Centotheca latifolia (PROSEA)

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Plant Resources of South-East Asia
List of species

Centotheca latifolia (Osbeck) Trinius

Protologue: Fund. Agrost.: 141 (1820).
Family: Gramineae
Chromosome number: 2n= 24


Holcus latifolius Osbeck (1757), Cenchrus lappaceus L. (1763), Centotheca lappacea (L.) Desv. (1810).

Vernacular names

  • Indonesia: jukut kidang (Sundanese), suket lorodan (Javanese), karetet lempad (Alfuru)
  • Malaysia: rumput lilit kain, rumput darah, rumput temaga
  • Papua New Guinea: kuang
  • Philippines: baylu-patong (Tagalog), andudukot aridekdiket (Bikol)
  • Thailand: ya khon moi maemai, ya-enieo
  • Vietnam: co' móc.

Origin and geographic distribution

C. latifolia is widely distributed in the tropics of the Old World, from Africa to Polynesia and Australia. It is abundant in southern Thailand and in Peninsular Malaysia.


C. latifolia is grazed by village cattle and regarded as a good fodder.


A perennial rosette grass with erect culms up to 1.25 m tall. Leaf-sheath closely striate, 4-6 cm long; leaf-blade elliptical or ovate-oblong, 4-30 cm × 0.8-3.5 cm, hairy to glabrescent; ligule membraneous, 2-3 mm tall. Inflorescence a branching terminal panicle, up to 40 cm long; spikelets 2-3-flowered, about 8 mm long; lemma of upper floret(s) ca. 3 mm long, 5-nerved with 2 prominent rows of bulbous-based retrorse spiny hairs on either side of the back. Caryopsis about 1 mm long, dark brown, glossy.

Adjacent branches from inflorescences become entangled at maturity because of the reflexed hairs on the lemmas. These hairs also adhere to hair or fur of passing animals, thus providing effective dispersal of the seeds.

Some spikelets seem to be viviparous; the upper lemmas each grow into a small leaf-blade and when the whole spikelet eventually falls, it has the ability to grow into a new plant.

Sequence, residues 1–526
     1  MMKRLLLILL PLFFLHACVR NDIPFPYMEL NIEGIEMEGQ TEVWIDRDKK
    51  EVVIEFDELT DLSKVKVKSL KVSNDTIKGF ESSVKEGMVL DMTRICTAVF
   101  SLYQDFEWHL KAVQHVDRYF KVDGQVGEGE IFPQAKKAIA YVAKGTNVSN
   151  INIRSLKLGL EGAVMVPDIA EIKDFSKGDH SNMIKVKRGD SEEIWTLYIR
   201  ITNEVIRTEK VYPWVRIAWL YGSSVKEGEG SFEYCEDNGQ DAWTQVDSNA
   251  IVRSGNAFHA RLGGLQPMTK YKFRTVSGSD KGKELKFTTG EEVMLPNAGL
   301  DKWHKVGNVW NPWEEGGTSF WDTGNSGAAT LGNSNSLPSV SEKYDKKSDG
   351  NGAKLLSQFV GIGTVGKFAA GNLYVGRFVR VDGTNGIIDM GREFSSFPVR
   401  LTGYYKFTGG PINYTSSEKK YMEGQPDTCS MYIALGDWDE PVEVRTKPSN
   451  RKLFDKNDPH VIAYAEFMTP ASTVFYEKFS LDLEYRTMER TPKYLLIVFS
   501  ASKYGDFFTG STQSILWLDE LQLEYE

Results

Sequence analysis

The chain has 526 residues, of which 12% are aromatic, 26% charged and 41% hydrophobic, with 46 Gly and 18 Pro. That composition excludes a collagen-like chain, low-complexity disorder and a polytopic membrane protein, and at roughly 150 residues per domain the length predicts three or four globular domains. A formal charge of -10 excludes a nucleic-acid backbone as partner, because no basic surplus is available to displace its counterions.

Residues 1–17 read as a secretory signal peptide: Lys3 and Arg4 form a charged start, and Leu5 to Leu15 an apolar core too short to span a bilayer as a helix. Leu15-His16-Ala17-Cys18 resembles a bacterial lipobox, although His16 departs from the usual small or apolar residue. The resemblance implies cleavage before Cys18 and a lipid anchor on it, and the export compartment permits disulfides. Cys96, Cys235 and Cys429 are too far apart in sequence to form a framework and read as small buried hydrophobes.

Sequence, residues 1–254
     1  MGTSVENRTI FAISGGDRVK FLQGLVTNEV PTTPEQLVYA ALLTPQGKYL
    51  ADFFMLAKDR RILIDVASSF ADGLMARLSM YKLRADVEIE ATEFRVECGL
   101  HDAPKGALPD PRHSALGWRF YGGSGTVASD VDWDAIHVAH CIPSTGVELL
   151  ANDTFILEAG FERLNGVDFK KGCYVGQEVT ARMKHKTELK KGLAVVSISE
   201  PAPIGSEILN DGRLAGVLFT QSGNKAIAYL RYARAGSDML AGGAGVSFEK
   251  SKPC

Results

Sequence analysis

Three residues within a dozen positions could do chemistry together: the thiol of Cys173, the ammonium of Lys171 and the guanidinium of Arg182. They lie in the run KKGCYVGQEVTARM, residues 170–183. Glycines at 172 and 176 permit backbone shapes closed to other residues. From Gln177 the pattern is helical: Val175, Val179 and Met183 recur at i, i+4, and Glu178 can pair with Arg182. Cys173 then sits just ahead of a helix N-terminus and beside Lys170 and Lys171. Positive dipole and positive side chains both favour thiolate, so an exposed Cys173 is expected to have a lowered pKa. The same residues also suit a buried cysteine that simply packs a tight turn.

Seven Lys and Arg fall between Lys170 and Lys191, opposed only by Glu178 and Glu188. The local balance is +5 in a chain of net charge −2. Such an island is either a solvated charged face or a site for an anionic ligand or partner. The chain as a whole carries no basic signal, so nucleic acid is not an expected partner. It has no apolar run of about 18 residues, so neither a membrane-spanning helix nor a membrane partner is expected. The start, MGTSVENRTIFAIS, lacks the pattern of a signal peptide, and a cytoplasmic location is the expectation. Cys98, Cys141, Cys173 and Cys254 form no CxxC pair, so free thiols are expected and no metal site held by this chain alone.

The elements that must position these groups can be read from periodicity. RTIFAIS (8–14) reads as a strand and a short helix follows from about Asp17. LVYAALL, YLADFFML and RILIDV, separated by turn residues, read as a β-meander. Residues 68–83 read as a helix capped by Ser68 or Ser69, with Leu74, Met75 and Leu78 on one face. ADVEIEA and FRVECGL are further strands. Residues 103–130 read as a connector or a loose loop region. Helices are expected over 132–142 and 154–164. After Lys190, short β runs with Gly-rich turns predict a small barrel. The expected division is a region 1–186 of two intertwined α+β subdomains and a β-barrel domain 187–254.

Flowering occurs throughout the year. Often seedlings can be found around older plants.


C. latifolia grows from sea-level to 1500 m altitude in humid shady places receiving over 2000 mm of rain per year. The species is often found on disturbed sites along shaded roads, fields and plantations but is natural in swamps and open places in rain forests and thickets.


C. latifolia is propagated vegetatively or by seed. It is moderately palatable and is usually eaten by grazing stock but can be cut and fed to animals. Animals avoid eating the seed heads. Regrowth is very slow so frequent defoliation is not recommended.

Genetic resources and breeding

It is unlikely that substantial germplasm collections of C. latifolia are being maintained.


C. latifolia is shade tolerant and should be evaluated for its suitability in agroforestry systems.


  • Bor, N.L., 1960. The grasses of Burma, Ceylon, India and Pakistan. Pergamon Press, London. pp. 457-459.
  • Gilliland, H.B., Holttum, R.E. & Bor, N.L., 1971. Grasses of Malaya. In: Burkill, H.M. (Editor): Flora of Malaya. Vol. 3. Government Printing Office, Singapore. pp. 53-54.
  • Mehra, K.L. & Fachrurozi, Z., 1985. Indonesian economic plant resources: forage crops. Lembaga Biologi Nasional - LIPI, Bogor. No 31. p. 5.
  • Monod de Froideville, Ch., 1971. A synopsis of Centotheca and reduction of Ramosia. Blumea 19: 57-60.


C. Manidool